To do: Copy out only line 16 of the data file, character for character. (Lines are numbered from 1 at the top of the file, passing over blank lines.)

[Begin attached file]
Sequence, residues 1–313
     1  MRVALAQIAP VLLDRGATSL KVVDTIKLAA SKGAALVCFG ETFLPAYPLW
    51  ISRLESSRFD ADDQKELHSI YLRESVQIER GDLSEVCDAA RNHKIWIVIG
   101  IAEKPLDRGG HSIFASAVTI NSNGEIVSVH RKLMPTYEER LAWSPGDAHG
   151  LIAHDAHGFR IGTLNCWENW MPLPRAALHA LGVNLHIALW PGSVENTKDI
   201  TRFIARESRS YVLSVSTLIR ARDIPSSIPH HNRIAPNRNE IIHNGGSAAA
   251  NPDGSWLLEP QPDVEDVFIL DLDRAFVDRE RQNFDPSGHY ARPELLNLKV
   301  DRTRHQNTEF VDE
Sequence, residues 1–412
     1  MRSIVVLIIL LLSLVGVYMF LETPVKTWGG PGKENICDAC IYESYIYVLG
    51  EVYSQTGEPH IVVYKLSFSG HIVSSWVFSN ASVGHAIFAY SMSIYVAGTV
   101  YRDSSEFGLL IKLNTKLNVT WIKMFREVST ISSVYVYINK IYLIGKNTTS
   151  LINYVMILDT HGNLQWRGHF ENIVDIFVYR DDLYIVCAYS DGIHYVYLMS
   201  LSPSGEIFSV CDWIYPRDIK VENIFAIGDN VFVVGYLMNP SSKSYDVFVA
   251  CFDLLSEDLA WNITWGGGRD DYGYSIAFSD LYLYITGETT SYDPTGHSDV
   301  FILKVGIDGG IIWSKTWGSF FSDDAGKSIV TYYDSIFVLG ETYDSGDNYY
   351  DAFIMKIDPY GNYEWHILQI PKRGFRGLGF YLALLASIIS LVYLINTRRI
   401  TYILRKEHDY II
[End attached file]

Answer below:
   301  FILKVGIDGG IIWSKTWGSF FSDDAGKSIV TYYDSIFVLG ETYDSGDNYY